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Memories of the Unlived Body: Jean-Louis Schefer, Georges Bataille and Gilles Deleuze

Research output: Contribution to journalArticlepeer-review

Original languageEnglish
Pages (from-to)161-187
Number of pages26
Issue number2
Early online date2 Jun 2017
Accepted/In press28 Mar 2017
E-pub ahead of print2 Jun 2017
PublishedJun 2017


King's Authors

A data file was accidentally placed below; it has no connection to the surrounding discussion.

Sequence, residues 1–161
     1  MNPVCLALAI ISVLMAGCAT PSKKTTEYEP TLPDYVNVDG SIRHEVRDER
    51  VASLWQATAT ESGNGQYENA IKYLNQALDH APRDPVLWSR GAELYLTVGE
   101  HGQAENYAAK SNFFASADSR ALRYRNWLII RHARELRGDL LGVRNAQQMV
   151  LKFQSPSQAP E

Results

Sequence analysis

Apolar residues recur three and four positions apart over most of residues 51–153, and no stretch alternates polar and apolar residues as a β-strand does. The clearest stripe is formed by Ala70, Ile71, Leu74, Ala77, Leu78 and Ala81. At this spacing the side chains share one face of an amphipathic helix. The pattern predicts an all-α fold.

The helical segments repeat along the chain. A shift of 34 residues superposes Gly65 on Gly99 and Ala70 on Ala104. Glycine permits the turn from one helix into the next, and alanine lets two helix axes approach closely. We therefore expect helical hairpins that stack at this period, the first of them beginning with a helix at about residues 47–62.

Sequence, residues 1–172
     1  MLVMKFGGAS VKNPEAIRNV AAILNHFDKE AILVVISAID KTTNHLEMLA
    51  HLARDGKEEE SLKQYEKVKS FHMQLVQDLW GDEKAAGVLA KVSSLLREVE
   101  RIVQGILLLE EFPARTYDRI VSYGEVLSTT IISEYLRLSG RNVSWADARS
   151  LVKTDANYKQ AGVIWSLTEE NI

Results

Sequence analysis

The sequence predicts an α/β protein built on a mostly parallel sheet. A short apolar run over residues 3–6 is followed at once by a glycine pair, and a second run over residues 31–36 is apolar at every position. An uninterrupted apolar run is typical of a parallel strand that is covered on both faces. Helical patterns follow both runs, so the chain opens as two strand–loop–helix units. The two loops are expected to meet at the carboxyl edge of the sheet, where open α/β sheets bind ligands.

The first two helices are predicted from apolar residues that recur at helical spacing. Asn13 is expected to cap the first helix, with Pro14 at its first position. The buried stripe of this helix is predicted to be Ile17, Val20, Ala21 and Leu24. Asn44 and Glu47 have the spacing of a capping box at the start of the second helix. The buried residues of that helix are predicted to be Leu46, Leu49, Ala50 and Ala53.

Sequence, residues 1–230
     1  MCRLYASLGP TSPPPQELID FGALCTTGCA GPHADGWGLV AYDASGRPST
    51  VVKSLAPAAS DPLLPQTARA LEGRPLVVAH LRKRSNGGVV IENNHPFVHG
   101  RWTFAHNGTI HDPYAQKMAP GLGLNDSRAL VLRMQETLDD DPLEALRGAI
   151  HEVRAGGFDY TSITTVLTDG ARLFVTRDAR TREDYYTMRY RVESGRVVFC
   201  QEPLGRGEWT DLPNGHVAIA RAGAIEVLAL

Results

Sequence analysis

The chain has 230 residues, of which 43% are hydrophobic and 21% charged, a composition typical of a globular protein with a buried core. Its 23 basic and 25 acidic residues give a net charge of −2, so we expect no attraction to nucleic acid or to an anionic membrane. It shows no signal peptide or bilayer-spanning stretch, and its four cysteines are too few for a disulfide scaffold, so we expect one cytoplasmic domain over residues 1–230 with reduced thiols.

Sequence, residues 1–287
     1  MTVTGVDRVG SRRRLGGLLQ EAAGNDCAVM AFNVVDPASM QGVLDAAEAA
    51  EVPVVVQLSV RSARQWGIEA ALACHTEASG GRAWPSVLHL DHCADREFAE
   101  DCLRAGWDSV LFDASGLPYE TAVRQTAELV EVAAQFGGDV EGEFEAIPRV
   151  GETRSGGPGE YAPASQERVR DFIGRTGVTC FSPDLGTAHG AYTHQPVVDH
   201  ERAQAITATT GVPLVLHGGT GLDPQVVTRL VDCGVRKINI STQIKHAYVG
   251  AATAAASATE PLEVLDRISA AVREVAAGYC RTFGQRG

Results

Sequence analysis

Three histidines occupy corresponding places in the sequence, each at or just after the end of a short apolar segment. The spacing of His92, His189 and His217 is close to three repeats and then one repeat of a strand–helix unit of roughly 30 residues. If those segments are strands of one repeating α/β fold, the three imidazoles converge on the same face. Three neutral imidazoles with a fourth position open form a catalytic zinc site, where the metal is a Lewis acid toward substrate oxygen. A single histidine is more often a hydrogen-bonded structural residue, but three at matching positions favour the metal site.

Jean-Louis Schefer’s newly translated The Ordinary Man of Cinema, originally published in 1980, proposes a singular account of the experience of cinema which departs from the principal tendencies of film theory. It has nevertheless had a profound if somewhat invisible influence in film philosophy and theory since its publication, notably in the work of Gilles Deleuze. This essay proposes a synthetic discussion of Schefer’s work on film up to The Ordinary Man, arguing that Schefer’s work, which draws on his earlier work on painting, construes film as radically non-representational, and as bringing into being, in the spectator, a virtual affectivity corresponding to the distorted and disproportionate bodies and aberrant movements that it presents. I argue that in its recurrent emphasis on the “inchoate” elements in film, and on the “inceptions” of movements that it provokes, Schefer’s thought draws implicitly on the Bataillean notion of the informe. This return to an impossibility of thought at the heart of thought is among the fundamental insights which Deleuze draws from Schefer in Cinema 2: The Time-image.

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